Another key point for which equipment will be required is cloning. It currently remains a regulatory requirement for a recombinant protein-producing cell line to be derived from a single progenitor cell (ICH Q5D). However, in more recent years the expectations around how to fulfil this requirement have changed.

Originally, limiting dilution cloning was the method of choice for cloning, although there was a need to perform several rounds of this to achieve a suitably high probability of monoclonality. Due to a desire to reduce timelines by eliminating the need for multiple rounds of cloning, many groups moved away from using limiting dilution cloning and turned instead to using equipment such as a FACS machine for this stage. Although approaches such as limiting dilution cloning and FACS can and are still used, there is now a strong expectation that the cloning process will include imaging as supporting evidence that a cell line originated from a single cell. As such, a plate imaging system will be required from an equipment point of view as a minimum. It is also important to note here that work to demonstrate that the imager is capable of its task will be required.10

In more recent years, several pieces of equipment have become available that combine both the cloning and imaging, to perform the stage in a single round. These devices can save time and labour. Broadly speaking, the equipment can be split into two categories based on their function and cost:

  1. Devices used purely for cloning (eg, Solentim’s VIPS™ and Molecular Device’s / Cytena’s Single-Cell Printer™)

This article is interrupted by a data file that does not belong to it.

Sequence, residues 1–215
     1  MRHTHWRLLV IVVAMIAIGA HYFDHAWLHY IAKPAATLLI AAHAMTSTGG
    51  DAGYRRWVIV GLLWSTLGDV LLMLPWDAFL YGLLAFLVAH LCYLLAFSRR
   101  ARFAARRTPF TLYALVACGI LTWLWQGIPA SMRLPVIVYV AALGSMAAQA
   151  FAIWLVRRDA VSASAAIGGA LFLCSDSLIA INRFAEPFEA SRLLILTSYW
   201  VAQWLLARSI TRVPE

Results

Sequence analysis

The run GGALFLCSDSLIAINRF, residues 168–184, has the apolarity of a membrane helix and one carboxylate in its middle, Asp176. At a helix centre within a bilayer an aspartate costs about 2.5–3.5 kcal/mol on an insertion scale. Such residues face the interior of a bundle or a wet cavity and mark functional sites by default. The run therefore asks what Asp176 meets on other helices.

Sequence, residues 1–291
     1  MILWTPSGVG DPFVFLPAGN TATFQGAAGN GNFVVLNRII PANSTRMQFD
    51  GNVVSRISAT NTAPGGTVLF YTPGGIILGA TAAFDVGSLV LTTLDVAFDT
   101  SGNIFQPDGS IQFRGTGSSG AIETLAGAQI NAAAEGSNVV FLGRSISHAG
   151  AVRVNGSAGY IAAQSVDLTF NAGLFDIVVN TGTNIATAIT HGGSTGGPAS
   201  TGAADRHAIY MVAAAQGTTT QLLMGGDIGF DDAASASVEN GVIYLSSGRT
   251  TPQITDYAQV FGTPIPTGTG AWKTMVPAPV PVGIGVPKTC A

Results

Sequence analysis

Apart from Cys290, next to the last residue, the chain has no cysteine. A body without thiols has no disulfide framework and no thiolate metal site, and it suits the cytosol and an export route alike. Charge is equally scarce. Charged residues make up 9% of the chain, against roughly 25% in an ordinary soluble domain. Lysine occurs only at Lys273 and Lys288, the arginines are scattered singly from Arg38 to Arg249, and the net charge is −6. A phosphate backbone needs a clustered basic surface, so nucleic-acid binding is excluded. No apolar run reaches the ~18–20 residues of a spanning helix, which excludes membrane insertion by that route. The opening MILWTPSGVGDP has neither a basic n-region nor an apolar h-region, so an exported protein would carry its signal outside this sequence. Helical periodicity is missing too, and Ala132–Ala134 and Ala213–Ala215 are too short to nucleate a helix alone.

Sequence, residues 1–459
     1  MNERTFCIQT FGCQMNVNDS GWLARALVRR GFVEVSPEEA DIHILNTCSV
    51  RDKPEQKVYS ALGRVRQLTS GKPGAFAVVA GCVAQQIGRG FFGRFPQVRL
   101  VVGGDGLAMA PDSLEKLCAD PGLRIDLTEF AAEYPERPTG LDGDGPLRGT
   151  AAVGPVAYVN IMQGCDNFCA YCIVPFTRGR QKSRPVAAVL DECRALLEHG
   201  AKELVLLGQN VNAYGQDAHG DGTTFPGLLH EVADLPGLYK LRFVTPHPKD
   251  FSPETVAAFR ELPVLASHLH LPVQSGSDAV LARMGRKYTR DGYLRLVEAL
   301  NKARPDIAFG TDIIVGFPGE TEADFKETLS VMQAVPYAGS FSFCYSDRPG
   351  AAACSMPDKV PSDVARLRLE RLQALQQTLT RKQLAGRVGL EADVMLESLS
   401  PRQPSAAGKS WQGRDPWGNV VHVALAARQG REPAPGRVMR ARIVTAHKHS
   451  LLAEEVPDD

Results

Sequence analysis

2. Microfluidic devices which combine the ability to perform cloning and cell line screening steps (eg, Berkley Lights’ Beacon® / Beacon Select™ and Sphere Fluidics’ Cyto-Mine®).

Finally, if multiple projects are to be undertaken and there is a need for high throughput, the introduction of integrated liquid handling / automation platforms should be considered.


Once a group has decided to undertake the CLD stage in their own laboratory, there are two critical follow-on decisions to make, which are not simply and solely influenced by the technology itself:

  1. What host cell line, vector and CLD process to use
  2. What equipment to purchase.

From the discussion on whether to access an external company’s host cell line, vector and CLD platform technology or for a group to develop its own, it is evident that numerous factors must be considered. These include time, costs, experience, freedom to do what you want with the system, etc. This decision may be further complicated in future with the potential for increased levels of options for engineered host cell lines.

When it comes to equipment, it is evident that there are options for different budgets. However, what is selected can impact factors such as speed to clinic and ability to identify the best cell line.

Dr Alison Porter

Alison has a PhD from the University of Manchester and over 25 years of experience in mammalian cell culture. She spent most of this time working in the biopharma industry, with companies such as Lonza and Fujifilm Diosynth Biotechnologies. She has extensive experience in multiple areas of bioprocessing, with a specialisation in cell line development for the manufacture of recombinant proteins. Most recently, Alison has applied her biopharma skills in the field of cultivated meat.